y=|x|(tanx)^(1/2)
find y'
Run the online derivative calculator:
webMathematica Explorations: Step-by-Step Derivatives
Derivative of: x*Tan[x]^(1/2)
With respect to: x
Gives:
$\displaystyle \sqrt{\tan(x)} + \frac{x \sec^2(x)}{2\sqrt{\tan(x)}}$
This is valid for $\displaystyle x > 0$
For $\displaystyle x < 0$, you have
Derivative of: -x*Tan[x]^(1/2)
With respect to: x
which gives:
$\displaystyle \sqrt{\tan(x)} - \frac{x \sec^2(x)}{2\sqrt{\tan(x)}}$
So we can combine these two into one expression for $\displaystyle x \ne 0$:
$\displaystyle \sqrt{\tan(x)} + \left|\frac{x \sec^2(x)}{2\sqrt{\tan(x)}}\right|$
Well, if $\displaystyle y$ is a function of $\displaystyle x$, in other words, $\displaystyle y = f(x)$, you can't do that directly. In this case,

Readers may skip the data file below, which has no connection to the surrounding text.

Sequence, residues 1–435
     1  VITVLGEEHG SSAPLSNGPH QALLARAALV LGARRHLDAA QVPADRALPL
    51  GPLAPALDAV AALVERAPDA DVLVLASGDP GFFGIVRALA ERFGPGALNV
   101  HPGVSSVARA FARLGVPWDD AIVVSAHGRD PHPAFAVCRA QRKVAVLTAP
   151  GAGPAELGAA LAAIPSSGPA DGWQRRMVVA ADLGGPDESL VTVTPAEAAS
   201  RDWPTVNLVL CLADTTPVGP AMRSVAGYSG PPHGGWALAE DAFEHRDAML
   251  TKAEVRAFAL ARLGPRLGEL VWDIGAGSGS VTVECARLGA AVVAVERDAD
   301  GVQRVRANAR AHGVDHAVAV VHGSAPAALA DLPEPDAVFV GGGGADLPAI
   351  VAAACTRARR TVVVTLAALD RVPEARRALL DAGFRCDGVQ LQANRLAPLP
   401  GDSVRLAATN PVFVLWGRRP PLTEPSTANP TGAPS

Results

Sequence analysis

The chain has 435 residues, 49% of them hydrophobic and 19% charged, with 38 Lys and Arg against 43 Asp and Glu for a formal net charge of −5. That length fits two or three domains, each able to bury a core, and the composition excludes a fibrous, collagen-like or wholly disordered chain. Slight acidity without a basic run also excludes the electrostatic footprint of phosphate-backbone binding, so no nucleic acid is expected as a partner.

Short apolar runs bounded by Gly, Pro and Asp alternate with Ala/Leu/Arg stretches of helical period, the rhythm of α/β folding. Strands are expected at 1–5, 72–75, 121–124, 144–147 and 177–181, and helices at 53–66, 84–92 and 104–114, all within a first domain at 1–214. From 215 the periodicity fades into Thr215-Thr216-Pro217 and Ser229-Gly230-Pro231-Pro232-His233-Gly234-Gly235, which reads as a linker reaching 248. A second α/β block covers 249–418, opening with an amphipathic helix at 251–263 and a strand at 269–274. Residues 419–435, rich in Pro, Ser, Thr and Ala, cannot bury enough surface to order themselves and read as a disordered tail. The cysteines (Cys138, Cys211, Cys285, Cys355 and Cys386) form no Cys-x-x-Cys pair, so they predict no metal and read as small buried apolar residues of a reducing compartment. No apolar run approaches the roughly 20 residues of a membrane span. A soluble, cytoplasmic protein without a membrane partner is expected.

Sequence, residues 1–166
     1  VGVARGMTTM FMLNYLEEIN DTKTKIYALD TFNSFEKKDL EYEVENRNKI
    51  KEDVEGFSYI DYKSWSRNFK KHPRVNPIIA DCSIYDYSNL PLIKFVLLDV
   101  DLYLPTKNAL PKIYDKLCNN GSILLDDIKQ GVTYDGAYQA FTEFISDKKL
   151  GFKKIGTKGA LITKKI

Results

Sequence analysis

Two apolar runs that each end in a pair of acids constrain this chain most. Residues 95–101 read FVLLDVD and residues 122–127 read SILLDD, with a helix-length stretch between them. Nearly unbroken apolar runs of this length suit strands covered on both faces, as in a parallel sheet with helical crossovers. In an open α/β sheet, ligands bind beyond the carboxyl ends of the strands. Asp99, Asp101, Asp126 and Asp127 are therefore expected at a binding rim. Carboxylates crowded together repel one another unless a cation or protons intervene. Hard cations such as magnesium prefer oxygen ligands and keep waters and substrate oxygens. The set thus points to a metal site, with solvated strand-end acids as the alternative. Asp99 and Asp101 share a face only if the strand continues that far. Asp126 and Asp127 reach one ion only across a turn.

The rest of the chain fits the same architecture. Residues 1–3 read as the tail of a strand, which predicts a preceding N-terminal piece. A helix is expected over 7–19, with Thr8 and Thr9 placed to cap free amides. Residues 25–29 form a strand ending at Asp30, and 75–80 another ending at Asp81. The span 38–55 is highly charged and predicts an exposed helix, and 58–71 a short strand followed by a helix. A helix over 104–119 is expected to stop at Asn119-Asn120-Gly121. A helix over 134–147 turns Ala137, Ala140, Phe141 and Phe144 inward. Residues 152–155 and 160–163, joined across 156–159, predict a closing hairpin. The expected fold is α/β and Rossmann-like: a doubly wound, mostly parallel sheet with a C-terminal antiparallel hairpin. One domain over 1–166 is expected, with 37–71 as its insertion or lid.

$\displaystyle y(x)=|x|\sqrt{\tan x}$
So we compute the derivative as before to find $\displaystyle y'(x) = \frac{dy}{dx}(x)$. Only once you've done that can you put in $\displaystyle x = 0$ to find what the value of $\displaystyle y'(0)$ is.
But because you have an absolute value, at $\displaystyle x = 0$ the derivative doesn't exist. That's because the slope of the tangent line of $\displaystyle |x|$ changes sign at $\displaystyle x=0$.
We just say it isn't differentiable at x=0 and exclude the point x=0 from the domain of the derivative. You don't need to bother doing anything else.
The domains of the function and its derivative are a bit complicated though (since $\displaystyle \sqrt{\tan x}$ only exists where $\displaystyle \tan x \ge 0$). Are you asked to state the domain of the derivative?
Actually, you are correct! That is the concept of a "weak derivative." This is a bit advanced though. You wouldn't have to see that stuff until you became a graduate student or a senior working in mathematics.
Don't let the following links blow your mind - just be aware that what you are talking about does exist.
Weak derivative - Wikipedia, the free encyclopedia
Subderivative - Wikipedia, the free encyclopedia